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Cast Iron Cleaning and Seasoning Help With and Tips & Techniques For Cast Iron Cookware Restoration

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  #1  
Old 07-29-2014, 01:41 AM
KatT KatT is offline
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Default E-tank vs. Vinegar bath?

I started my first reconditioning project a couple of weeks ago: Right now, I have 6 (most of which were heavily-crudded) pieces that have been marinating in oven cleaner since I began this adventure, and I have reapplied the oven cleaner as necessary to treat the worst of them. Tomorrow is the big day, and I'm ready to finish the process and season them. As far as I can tell, none of the pieces have substantial rust on them, so I'm prepared to do a vinegar bath and apply a little elbow grease to get them ready, but it seems like electrolysis is the gold-standard among serious collectors. What is the consensus on this?
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  #2  
Old 07-29-2014, 10:52 AM
Ken Davis Ken Davis is offline
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Default Re: E-tank vs. Vinegar bath?

Electrolysis is more efficient and thorough but for minor jobs, the vinegar bath is often adequate. You have to ask yourself, "Is it really worth setting up the e-tank?" And, "What am I going to do with it once I have it set up?"
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Old 07-29-2014, 11:22 AM
John E John E is offline
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Default Re: E-tank vs. Vinegar bath?

What finally made me cave and set up an electrolysis tank was pieces with tight angles. It can be really frustrating to put elbow grease to something like a muffin pan to scrub the rust off from the vinegar bath. Regular skillets, dutch ovens, and the like are no problem, just hit it with a stainless steel brush and some steel wool. I also got tired of scrubbing really rusty pieces four or five times.
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Old 07-29-2014, 11:30 AM
SueB SueB is offline
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Default Re: E-tank vs. Vinegar bath?

I agree. It only took trying to get rust off one popover pan and one cornstick pan to convince me that I needed an e-tank. It's so much easier.
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  #5  
Old 07-29-2014, 07:34 PM
KatT KatT is offline
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Default Re: E-tank vs. Vinegar bath?

Well I didn't get as many pieces finished today as I would have liked, but overall it was a good learning experience: I was able to trouble-shoot some issues as they arose, and for the most part, I feel confident about the seasoning process when I'm ready to give it another go. The main obstacle I faced today was that the really cruddy pieces still didn't come completely clean even after the over cleaner treatments. Several pieces, while otherwise down to base metal, still had some patches of thick, stubborn crust that couldn't be scrubbed off. So I re-treated them with the over cleaner and sealed them back up, but I'm concerned that if the patches are mostly carbon-based, that e-tank may be the only solution. What do you guys think?
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  #6  
Old 07-29-2014, 08:20 PM
Doug D. Doug D. is offline
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Default Re: E-tank vs. Vinegar bath?

There are sometimes going to be those "warts" that just don't seem to want to budge. Extended electro sessions may take them off, but only to leave a flat, black stain that also doesn't seem to want to budge. Stains will blend in over time, but the "warts" won't. I have a 1" wide steel putty knife I sometimes haul out when these "warts" arise. You have to be very careful, however, keeping the leading edge of the blade flat against the iron, working slowly and with a sure grip so as not to slip and allow a sharp corner of the blade to make a scratch. A good idea is to file the blade corners round and smooth before use on a valuable piece.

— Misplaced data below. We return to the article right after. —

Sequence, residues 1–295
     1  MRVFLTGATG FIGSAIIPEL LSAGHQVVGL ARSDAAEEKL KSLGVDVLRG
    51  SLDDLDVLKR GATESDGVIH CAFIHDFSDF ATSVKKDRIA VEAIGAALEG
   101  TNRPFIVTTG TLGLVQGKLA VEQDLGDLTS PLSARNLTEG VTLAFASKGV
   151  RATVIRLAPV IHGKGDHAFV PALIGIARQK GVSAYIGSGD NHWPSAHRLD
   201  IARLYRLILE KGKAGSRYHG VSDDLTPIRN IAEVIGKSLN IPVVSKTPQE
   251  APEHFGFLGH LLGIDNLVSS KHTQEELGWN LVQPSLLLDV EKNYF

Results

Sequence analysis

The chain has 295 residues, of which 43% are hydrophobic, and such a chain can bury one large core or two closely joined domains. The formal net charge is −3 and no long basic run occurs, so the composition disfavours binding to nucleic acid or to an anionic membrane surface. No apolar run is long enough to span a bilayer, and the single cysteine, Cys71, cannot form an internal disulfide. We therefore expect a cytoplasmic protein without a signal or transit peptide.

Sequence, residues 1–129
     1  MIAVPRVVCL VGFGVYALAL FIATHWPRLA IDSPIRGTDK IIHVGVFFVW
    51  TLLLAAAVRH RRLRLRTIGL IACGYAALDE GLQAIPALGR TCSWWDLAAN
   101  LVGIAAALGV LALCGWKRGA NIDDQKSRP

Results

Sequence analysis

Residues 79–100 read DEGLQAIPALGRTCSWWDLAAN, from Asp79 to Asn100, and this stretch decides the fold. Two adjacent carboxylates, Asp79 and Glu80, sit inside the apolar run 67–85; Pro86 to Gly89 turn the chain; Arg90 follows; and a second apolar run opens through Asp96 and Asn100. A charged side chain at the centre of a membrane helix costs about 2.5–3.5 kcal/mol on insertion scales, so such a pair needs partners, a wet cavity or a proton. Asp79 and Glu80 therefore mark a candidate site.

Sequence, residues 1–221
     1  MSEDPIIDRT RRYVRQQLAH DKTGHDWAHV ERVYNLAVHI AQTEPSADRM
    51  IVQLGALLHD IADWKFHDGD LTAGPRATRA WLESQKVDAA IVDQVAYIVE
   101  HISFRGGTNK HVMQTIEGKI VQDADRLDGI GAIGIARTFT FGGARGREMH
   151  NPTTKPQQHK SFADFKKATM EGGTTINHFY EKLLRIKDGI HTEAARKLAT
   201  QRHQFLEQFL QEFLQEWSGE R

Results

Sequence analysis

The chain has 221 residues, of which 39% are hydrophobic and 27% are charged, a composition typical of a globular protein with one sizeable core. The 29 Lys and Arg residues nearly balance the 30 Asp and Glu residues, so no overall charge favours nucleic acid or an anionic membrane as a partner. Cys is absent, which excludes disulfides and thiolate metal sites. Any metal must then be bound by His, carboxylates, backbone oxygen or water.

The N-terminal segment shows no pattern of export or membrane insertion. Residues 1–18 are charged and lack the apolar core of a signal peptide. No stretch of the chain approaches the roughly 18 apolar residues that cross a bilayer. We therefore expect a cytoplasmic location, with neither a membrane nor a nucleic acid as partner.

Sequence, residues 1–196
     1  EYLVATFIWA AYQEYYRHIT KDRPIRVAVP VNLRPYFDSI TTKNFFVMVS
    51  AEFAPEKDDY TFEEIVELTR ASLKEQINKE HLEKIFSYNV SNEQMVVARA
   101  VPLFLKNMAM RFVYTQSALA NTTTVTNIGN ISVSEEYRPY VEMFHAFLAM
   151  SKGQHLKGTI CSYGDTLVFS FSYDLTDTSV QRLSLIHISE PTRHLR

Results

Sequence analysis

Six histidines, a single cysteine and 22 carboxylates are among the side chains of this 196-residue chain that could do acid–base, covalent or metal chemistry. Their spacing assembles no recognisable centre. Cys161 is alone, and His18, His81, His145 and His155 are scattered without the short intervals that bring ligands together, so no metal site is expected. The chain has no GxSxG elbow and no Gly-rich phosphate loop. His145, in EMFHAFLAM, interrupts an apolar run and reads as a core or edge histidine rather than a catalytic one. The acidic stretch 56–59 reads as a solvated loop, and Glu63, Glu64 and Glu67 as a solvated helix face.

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Old 07-29-2014, 08:53 PM
KatT KatT is offline
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Default Re: E-tank vs. Vinegar bath?

Doug,
Thanks for the advice. I honestly wanted to take a putty knife to them today because of how thick they are, but was afraid of damaging them since I didn't know if that was an orthodox method or not. When scraping the warts, is it advisable to leave the oven cleaner on to make them more pliable? If so, I'll take every precaution to not contact the chemical, but if not I'll rinse them off first. Also, do you file your putty knives by hand or use a grinder?
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  #8  
Old 07-29-2014, 09:35 PM
Doug D. Doug D. is offline
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Default Re: E-tank vs. Vinegar bath?

A file works fine. I actually would advise the piece be more dry than wet, and certainly not wet with anything as slippery as a lye-based product, causticity notwithstanding. Holding the tool at about a 45 angle to the work, I place the blade edge flat against the metal at one edge of the wart, and just slowly work forward into it, pivoting it a bit, all the while maintaining the leading edge flat and in contact with the iron. You're trying to make the wart crumble and release in bits as you work through it, not pry or scrape it off in one piece. On curved surfaces, work with the curve so the leading edge of the blade can remain flat against the iron. Your best success will be on factory polished surfaces. On as-cast surfaces, don't be as aggressive or you may end up burnishing the high spots at the expense of getting off last bits that really don't matter.
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